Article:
This blog is an excerpt from a longer article by the same name published in the Winter 2020 issue of OATUG Insight magazine. Members can read the full-length article there.
Auditing data in Oracle EBS
Auditors are increasingly recommending high risk activities be tracked and reported. Oracle provides functionality to address this, but some EBS customers, concerned that audit tracking may create performance issues, don’t enable it. Too often, audit tracking in EBS has been an afterthought to the overall implementation, when it should be a core component.
Did you know that Oracle provides standard audit functionality using the system administrator responsibility included in your licence fees?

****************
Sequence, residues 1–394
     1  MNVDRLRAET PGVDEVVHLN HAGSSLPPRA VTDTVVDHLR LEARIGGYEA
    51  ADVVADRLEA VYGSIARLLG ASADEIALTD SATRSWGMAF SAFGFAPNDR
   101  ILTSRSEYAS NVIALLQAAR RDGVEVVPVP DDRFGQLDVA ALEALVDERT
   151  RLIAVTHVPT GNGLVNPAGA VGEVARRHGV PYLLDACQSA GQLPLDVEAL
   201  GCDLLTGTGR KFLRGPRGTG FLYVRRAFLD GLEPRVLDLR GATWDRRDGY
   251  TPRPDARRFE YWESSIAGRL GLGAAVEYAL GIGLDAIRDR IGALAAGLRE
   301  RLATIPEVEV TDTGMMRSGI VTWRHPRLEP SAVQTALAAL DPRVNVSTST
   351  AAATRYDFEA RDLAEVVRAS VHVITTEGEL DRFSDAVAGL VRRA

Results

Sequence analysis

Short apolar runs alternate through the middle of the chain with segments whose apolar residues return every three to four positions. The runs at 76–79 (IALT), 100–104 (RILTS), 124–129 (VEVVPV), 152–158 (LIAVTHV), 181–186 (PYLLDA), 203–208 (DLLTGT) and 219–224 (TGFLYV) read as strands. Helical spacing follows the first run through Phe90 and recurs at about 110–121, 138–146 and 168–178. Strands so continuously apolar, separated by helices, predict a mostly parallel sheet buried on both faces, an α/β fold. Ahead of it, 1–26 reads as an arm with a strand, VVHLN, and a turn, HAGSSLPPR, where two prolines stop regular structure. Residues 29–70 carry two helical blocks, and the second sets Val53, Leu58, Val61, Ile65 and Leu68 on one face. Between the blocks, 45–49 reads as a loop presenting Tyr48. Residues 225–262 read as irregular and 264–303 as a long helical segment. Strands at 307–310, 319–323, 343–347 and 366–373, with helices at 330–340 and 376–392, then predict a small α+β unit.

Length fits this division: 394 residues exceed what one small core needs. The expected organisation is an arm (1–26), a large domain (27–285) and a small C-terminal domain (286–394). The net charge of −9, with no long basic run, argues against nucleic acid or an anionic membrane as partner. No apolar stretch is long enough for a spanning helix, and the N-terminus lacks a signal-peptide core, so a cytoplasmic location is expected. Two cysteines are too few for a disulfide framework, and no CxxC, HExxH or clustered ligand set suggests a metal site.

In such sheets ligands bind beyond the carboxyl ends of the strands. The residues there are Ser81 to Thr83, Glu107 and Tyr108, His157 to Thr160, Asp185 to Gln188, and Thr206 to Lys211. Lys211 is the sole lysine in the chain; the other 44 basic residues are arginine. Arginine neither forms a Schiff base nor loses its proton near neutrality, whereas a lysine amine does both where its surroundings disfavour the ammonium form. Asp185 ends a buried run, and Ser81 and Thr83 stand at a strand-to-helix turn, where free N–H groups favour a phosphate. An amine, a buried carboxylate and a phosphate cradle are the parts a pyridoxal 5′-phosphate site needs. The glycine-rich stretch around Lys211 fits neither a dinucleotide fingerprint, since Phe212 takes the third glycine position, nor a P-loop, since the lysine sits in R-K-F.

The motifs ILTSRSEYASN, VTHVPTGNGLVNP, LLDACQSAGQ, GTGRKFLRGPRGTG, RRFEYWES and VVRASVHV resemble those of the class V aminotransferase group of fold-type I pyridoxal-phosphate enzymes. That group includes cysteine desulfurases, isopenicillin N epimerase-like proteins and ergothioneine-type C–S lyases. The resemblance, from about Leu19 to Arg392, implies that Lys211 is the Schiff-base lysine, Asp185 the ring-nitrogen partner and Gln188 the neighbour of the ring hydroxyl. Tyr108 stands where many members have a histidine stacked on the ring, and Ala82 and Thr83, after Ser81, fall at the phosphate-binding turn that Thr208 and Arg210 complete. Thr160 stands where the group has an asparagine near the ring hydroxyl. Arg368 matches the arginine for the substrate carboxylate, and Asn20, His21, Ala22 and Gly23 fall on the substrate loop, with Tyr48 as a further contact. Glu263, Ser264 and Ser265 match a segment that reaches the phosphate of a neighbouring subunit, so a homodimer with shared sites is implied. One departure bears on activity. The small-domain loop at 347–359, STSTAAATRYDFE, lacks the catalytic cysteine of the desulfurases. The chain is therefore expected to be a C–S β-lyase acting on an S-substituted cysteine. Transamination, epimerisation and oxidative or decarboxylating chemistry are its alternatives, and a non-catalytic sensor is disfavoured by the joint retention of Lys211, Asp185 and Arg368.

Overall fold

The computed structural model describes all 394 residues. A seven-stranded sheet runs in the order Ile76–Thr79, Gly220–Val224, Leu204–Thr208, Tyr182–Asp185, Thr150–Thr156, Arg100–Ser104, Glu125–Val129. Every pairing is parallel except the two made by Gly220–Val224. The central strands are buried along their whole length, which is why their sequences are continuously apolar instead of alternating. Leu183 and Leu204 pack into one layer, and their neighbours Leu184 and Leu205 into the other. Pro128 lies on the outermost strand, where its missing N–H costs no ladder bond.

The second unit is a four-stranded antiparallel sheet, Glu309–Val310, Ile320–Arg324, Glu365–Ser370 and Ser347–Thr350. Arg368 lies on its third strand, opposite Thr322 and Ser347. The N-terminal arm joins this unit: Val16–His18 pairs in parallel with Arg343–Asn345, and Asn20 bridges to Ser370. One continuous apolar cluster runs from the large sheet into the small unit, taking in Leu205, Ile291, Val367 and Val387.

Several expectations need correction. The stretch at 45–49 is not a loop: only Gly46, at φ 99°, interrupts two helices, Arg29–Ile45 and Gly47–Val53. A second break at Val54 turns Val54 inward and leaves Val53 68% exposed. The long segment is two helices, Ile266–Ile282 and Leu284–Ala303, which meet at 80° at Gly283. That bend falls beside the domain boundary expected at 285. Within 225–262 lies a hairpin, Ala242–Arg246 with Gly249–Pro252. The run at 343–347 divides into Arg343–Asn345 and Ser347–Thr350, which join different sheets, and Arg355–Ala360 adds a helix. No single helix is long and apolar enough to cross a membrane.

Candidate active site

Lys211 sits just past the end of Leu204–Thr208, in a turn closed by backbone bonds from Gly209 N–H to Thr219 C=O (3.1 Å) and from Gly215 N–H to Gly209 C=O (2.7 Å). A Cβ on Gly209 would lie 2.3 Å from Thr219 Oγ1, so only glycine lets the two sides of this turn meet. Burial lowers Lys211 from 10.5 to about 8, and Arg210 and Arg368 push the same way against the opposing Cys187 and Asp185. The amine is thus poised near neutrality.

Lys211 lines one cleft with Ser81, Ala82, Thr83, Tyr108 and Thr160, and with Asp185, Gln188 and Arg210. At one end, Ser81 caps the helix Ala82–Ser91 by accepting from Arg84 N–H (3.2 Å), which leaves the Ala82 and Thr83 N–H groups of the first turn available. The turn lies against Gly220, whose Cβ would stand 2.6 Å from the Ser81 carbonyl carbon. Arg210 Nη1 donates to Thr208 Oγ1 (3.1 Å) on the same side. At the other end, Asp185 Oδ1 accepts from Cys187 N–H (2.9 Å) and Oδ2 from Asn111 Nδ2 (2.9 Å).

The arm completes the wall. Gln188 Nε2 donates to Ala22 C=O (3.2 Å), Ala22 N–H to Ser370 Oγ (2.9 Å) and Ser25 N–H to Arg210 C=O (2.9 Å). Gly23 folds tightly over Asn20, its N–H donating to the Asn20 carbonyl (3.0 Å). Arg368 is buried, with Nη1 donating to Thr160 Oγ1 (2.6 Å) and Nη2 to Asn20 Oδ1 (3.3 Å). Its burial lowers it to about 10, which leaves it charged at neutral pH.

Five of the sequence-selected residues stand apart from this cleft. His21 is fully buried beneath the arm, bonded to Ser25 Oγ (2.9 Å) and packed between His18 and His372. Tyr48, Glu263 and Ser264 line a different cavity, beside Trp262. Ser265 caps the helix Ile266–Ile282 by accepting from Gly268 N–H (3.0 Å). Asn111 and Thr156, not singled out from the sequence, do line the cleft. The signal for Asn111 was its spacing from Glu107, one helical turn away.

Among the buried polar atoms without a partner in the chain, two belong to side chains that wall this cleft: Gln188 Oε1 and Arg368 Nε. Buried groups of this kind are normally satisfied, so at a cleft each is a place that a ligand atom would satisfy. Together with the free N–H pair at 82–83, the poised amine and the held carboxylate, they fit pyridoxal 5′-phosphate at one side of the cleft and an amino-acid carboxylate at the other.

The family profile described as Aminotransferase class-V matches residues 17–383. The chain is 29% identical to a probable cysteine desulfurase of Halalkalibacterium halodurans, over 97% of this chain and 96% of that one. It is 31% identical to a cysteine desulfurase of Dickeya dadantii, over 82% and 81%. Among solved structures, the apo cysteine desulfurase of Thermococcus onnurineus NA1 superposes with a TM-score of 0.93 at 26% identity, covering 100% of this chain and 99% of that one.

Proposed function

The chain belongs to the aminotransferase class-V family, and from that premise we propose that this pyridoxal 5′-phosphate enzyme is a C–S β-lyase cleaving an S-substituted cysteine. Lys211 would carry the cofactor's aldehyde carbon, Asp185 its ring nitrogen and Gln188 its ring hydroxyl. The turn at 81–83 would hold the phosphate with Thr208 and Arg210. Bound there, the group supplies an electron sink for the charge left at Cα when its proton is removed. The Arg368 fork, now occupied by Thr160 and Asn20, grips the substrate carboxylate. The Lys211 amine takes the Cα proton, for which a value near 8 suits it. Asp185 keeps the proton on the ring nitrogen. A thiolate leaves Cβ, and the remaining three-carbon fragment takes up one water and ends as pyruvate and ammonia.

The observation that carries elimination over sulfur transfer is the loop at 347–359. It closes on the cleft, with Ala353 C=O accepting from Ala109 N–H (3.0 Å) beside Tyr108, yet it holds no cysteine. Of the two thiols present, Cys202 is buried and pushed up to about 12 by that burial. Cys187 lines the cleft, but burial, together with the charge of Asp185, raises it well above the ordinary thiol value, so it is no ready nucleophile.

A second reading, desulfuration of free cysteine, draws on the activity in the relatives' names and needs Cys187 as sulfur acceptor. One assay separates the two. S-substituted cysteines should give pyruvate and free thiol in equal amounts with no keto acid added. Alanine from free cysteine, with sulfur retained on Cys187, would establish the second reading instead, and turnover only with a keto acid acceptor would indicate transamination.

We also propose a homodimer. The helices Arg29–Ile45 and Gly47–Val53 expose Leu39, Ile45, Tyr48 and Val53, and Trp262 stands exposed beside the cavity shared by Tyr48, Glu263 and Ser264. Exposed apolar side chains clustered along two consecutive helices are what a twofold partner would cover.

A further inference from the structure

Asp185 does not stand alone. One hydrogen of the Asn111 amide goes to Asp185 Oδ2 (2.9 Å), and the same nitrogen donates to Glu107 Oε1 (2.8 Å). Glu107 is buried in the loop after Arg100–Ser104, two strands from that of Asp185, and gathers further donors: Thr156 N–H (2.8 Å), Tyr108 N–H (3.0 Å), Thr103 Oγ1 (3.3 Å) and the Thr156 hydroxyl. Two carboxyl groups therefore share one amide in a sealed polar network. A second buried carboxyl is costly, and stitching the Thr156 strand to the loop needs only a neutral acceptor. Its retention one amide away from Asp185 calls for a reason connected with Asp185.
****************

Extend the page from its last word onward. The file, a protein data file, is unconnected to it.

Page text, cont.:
This audit functionality allows tracking of any data element in the system and includes tracking of any insert, update or delete activity. As a “best practice”, most companies should at minimum choose to follow critical master data elements such as banks, product and accounts. These low-volume entities will have negligible performance impact.
On the other hand, enabling audit on high volume areas such as sales order entry could well have a negative impact on performance, especially if all data columns are being tracked. If the setup is done with careful consideration, i.e. only tracking essential columns, then audit can be safely enabled without negatively affecting performance. As with any change, it is recommended that benchmark timings be taken before and after the audit functionality is activated to confirm performance metrics.
Apart from satisfying your auditors, audit tracking in EBS has many benefits, such as: